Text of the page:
Australia vs Germany: How do the countries compare?
We’ll do that by looking at data from some of the world’s renowned organisations and publications to see what life is like in each country. Of course, we’ll also share some basic facts worth knowing.
1. Snapshot comparison, courtesy of the OECD
For a side-by-side comparison of Australia and Germany, we’ll use each country’s scores on the latest OECD Better Life Index:
|Life Satisfaction: Happiness and well-being||7.5||8.1|
|Health: Life Expectancy and Health||9.3|
Life expectancy at birth in Australia stands at 83 years.
Life expectancy at birth in Germany stands just above 81 years.
|Income: Household disposable net income||5.9|
The average household net adjusted disposable income per capita is USD 37 433 per year.
The average household net adjusted disposable income per capita is USD 38 971 per year.
|Jobs: Employment figures||8.6|
Roughly 73% of Australians between the ages of 15 to 62 have a paid job, and Australians earn USD 55 206 per year on average.
Roughly 77% of Germans between the ages of 15 to 62 have a paid job, and Germans earn USD 53 754 per year on average.
|Work-life Balance: The ability to combine work, family commitments, and personal life||4.4|
In Australia, about 13% of employees work very long hours in paid work and spend 14.4 hours per day on average on their personal life.
In Germany, about 4% of employees work very long hours in paid work, and full-time workers devote 15.6 hours of their day on average to personal care and leisure.
|Education: Quality of and access to education||8.6|
The average Australian student scored 499 in reading literacy, maths and sciences.
The average student in Germany scored 500 in reading literacy, maths and sciences.
|Community: Social networks and a sense of community||7.7|
93% of Australians believe that they know someone they could rely on in time of need.
90% of Germans believe that they know someone they could rely on in time of need.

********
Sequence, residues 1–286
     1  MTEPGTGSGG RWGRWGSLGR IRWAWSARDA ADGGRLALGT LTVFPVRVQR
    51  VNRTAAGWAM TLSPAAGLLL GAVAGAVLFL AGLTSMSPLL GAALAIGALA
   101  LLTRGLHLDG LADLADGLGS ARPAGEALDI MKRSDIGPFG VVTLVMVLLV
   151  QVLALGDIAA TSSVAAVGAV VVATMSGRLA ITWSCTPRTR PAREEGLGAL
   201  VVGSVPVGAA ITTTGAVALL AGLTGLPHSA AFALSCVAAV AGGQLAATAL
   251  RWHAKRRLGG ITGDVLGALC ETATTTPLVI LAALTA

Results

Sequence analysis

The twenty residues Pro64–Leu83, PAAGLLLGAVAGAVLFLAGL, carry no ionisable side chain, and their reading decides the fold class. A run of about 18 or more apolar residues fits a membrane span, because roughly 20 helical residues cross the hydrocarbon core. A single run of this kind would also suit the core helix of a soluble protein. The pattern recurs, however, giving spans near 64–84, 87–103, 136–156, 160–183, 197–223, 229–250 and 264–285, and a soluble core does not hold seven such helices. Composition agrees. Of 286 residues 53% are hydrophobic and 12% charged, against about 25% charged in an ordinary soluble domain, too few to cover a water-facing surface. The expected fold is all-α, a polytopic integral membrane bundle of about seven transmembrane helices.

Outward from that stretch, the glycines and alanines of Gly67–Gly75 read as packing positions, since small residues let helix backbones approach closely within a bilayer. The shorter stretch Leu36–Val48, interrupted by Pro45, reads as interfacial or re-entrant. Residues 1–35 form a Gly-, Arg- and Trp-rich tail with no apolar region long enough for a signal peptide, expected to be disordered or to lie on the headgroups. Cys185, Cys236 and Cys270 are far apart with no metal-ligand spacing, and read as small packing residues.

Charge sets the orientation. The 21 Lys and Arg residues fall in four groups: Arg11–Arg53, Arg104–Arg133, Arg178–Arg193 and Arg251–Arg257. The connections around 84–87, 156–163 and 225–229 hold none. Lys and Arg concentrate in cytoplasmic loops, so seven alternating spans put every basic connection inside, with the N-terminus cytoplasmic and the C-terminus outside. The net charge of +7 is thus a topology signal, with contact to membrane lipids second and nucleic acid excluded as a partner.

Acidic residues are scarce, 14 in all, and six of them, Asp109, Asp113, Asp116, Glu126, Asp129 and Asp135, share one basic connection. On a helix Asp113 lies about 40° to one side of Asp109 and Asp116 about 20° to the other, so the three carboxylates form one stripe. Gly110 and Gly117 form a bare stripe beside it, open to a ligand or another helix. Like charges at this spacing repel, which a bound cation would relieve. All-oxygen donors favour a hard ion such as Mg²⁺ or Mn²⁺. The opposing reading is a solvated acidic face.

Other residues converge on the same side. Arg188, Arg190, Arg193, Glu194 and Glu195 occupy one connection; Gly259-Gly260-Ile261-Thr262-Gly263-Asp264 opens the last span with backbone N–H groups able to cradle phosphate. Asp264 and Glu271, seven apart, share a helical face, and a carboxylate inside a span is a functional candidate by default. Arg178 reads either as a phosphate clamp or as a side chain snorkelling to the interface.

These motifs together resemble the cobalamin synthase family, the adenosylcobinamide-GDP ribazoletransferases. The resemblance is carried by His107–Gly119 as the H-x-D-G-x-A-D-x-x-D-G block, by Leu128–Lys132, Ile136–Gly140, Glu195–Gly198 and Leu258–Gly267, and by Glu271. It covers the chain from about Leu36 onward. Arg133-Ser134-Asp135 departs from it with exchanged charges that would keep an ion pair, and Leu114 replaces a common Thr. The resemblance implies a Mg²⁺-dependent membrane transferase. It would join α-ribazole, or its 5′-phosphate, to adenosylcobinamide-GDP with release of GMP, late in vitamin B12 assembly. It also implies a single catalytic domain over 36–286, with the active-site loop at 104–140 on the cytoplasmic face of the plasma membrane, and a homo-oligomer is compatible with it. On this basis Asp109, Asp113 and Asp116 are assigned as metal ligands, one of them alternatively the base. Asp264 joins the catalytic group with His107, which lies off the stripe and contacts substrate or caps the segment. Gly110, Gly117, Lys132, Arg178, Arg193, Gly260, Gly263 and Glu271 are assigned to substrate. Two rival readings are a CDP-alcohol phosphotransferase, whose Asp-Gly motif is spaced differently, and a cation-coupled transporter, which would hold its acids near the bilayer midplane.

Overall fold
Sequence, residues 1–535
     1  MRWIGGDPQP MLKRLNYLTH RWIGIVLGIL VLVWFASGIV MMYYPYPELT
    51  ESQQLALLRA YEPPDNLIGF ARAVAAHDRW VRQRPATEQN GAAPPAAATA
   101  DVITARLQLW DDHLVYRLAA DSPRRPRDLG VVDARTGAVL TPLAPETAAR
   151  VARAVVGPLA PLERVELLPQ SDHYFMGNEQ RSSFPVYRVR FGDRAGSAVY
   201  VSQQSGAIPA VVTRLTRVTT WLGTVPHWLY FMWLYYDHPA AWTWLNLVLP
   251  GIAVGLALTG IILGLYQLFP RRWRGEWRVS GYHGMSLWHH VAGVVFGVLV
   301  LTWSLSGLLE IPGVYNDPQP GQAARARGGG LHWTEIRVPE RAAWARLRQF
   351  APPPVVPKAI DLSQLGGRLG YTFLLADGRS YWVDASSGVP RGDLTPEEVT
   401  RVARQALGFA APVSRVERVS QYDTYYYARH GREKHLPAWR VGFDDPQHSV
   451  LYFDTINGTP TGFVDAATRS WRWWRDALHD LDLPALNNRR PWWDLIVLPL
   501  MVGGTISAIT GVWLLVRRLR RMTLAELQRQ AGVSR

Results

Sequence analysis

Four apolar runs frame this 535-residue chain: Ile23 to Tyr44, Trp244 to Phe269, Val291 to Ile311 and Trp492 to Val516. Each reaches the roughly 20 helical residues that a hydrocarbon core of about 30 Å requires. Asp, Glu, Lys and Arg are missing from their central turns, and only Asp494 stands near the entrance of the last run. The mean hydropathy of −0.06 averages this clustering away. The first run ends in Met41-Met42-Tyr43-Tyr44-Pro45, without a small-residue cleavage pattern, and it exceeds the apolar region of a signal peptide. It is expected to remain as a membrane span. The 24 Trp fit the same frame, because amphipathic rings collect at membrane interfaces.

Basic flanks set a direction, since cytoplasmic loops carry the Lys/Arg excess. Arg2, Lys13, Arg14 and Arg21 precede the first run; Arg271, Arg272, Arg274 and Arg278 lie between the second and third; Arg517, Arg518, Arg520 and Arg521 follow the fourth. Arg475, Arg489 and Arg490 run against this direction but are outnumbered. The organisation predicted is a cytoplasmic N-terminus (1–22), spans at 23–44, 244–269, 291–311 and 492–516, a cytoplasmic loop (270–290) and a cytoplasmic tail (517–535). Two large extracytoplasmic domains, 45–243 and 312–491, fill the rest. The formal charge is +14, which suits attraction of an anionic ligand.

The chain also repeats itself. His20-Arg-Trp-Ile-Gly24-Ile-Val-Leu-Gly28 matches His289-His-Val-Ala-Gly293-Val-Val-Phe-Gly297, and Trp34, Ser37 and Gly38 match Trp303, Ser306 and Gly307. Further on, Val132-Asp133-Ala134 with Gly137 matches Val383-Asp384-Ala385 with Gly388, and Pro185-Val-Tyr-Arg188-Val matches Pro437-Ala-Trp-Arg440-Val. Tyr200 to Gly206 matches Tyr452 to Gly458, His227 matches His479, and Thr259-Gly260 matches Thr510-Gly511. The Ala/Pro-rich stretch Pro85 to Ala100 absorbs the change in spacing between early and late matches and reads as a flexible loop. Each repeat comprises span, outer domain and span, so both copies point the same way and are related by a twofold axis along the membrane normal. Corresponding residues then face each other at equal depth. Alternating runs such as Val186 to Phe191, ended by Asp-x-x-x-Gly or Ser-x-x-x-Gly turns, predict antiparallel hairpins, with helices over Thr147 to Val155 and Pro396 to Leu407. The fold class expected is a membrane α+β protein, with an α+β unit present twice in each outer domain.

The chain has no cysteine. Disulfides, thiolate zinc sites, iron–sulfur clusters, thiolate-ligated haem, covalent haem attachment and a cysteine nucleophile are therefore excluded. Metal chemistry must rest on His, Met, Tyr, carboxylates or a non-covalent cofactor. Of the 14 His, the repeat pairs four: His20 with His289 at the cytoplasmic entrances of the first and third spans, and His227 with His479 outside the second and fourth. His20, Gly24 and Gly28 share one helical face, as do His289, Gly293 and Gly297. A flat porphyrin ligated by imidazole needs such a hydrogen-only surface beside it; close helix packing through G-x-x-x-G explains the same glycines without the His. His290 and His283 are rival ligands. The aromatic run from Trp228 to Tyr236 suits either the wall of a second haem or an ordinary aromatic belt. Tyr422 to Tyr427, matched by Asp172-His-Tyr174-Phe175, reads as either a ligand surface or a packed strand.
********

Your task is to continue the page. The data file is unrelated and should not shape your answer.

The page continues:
|Safety: Personal security||7.4|
About 67% of Australians feel safe walking alone at night.
About 76% of Germans feel safe walking alone at night.
|Housing: Housing conditions and affordability||8.2||7|
|Environment: Local living environments||8.9||7.7|
|Civic engagement: Voter turnout and broader public engagement||8.9||5.3|
2. Australia’s cost of living is higher than that of Germany – but its purchasing power is higher
According to Numbeo, your cost of living will be higher in Australia. For example, consumer prices are 20.30% higher, rent is 36.27% higher, and groceries cost 47.16% more.
However, Australia’s purchasing power is higher, so you’ll get more bang for your buck when living Down Under.
Let’s compare some everyday costs by looking at Sydney and Berlin. To keep things equal, we’re using USA dollars for our comparison:
|Loaf fresh white bread||2.27||1.48|
|1kg Chicken Fillet||8.26||8.08|
|1-Bedroom apartment in the city centre||1,782.99||1,254.12|
|3-Bedroom apartment in the suburbs||2,223.71||1,610.97|
|Basic utilities for 85m² apartment||128.28||304.84|
3. Australia has four of the world’s most liveable cities, according to The Economist
- Adelaide (3rd)
- Perth (5th)
- Melbourne (8th)
- Brisbane (9th)
Cities had to do exceptionally well in their quality of life assessments to rank in the top 10 positions. The EIU looked at each city’s stability, healthcare, culture and environment, education, infrastructure, and – unique to 2021’s report – how COVID-19 affected its quality of life.
4. Australia is the 12th happiest country in the world – Germany is the 14th
The World Happiness Report uses global survey data to report how people evaluate their own lives in more than 150 countries.
Australia scored 7.162 and Germany 7.034, placing the countries at numbers 12 and 14 overall on the Report.
Respondents were quizzed on happiness factors such as social support, the freedom to make life choices, and freedom from corruption.
5. Australia and Germany are two of the safest countries in the world
Australians and Germans live in countries free from domestic and international conflict, and both countries have high levels of societal safety and security. That makes Australia and Germany two of the safest countries globally, as illustrated in the Global Peace Index.